Six-figure jobs where the pay gap is best and worst

Ladies, if you want a high-paying career where you can earn as much as a man, consider engineering, economics or medicine.

Although a yawning pay gap persists -- median earnings for women remain about 25 percent lower than median earnings for men, according to the latest American Community Survey -- the differential varies dramatically by profession. With a handful of jobs, including some that pay well, the gap is negligible.

Indeed, architectural engineering managers earn median pay of $130,000 annually, regardless of their gender. Admittedly, however, men outnumber women in this field by a wide margin. Women made up slightly less than 9 percent of the 144,812 architectural engineers in the government's 2016 ACS, the most recent detailed data available for jobs and wages.

Women economists earn median wages of $103,723 -- just 8 percent shy of the $111,514 median pay for male economists. About 30 percent of economists are women, according to Census Bureau data.

Women who happen to have the skills to be computer network architects are likely to earn more than their male counterparts. Women in this field earn median wages of $100,471 vs. $98,123 for men.

Women pharmacists, who account for the majority of jobs in this profession, earn $118,461 -- just 3 percent less than the $122,351 median pay of male pharmacists.

Unfortunately, the pay gap is wider with most other six-figure professions. Indeed, it's so vast in some cases that it drops women out of the six-figure club altogether.

Consider judges and magistrates, a profession with median earnings of $102,861. Though women fill nearly 44 percent of these roles, they earn a whopping 55 percent less than their male colleagues. The median income for males: $125,071. For females, just $80,807.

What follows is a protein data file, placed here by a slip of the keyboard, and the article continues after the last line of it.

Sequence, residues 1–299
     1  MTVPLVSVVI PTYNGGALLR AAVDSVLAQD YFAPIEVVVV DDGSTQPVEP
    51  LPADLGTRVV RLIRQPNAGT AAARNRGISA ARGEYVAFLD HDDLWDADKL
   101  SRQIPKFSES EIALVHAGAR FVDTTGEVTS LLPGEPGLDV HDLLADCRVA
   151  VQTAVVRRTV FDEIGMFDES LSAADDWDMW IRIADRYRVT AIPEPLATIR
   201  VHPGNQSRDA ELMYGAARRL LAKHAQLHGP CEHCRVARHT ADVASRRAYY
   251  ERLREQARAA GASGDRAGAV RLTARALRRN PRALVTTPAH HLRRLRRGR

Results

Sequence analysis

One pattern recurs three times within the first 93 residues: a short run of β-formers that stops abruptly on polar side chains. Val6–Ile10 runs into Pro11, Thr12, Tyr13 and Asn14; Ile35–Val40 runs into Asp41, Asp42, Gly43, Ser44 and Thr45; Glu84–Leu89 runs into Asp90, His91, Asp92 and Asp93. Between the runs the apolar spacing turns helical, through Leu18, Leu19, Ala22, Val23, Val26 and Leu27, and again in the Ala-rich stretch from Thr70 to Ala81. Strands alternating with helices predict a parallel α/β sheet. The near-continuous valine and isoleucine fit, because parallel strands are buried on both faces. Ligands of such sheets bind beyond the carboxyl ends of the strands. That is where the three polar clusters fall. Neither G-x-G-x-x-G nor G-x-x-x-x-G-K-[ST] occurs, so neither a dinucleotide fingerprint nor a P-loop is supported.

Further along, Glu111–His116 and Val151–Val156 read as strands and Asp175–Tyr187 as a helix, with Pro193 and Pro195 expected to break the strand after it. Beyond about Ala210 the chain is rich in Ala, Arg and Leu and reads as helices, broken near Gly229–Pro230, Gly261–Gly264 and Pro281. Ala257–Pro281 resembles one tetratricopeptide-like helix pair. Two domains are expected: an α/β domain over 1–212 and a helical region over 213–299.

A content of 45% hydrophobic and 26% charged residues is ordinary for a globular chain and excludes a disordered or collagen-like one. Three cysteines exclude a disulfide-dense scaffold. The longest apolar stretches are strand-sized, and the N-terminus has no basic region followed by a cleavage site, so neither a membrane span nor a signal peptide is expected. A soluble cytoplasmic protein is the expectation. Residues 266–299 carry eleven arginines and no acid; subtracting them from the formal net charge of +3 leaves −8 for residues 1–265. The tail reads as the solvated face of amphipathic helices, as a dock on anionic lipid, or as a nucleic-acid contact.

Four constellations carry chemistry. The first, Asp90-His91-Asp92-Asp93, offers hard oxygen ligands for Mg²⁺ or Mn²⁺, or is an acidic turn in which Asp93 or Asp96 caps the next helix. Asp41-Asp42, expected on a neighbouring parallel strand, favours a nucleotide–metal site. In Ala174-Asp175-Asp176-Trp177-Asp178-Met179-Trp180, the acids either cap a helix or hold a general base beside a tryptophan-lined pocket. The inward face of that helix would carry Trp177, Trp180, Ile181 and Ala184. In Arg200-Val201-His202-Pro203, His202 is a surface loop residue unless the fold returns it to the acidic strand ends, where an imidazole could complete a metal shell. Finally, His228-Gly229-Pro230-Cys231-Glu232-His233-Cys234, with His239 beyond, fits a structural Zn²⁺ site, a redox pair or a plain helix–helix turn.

This noteworthy gap is pervasive in the legal profession. In the "all legal occupations" category, the median pay of males is $121,654, but the median pay of women is $65,014 -- an astounding 87 percent less. Among lawyers, women earn $102,484, and men earn $136,043, a 33 percent gender gap.

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It's worth noting that the way the government describes the pay gap tends to understate how underpaid women actually are. That's because the Census Bureau reports women's wages as a percentage of men's. Thus, the median female magistrate's pay is presented as being nearly 65 percent of the male magistrate's pay ($80,807/$125,071 = 64.6 percent).  

But if you look at pay from a woman's perspective, you'll see that this $44,264 gap amounts to 55 percent of her pay. Put another way, she would need a 55 percent raise to catch up.  

Other highly paid professions where the gap is yawning:

  • Personal financial advisers: Men earn median pay of $101,634, and women earn $69,479. Raise needed to close the gap: 46 percent
  • Natural sciences managers: $111,817 for men; $76,768 for women. Raise needed to close the gap: 46 percent
  • Financial managers: $100,505 for men; $62,089 for women. Raise needed to close the gap: 62 percent
  • Marketing and sales managers: $100,137 for men; $69,079 for women. Raise needed to close the gap: 45 percent
  • Chief executives: $141,108 for men; $103,564 for women. Raise needed to close the gap: 36 percent
  • Actuaries: $125,465 for men; $92,500 for women. Raise needed to close the gap: 36 percent
  • Dentists: $158,810 for men; $115,472 for women. Raise needed to close the gap: 38 percent
  • Physicians and surgeons: $231,420 for men; $166,388 for women. Raise needed to close the gap: 39 percent
  • Securities, commodities and financial services sales agents: $115,432 for men; $58,726 for women. Raise needed to close the gap: 97 percent.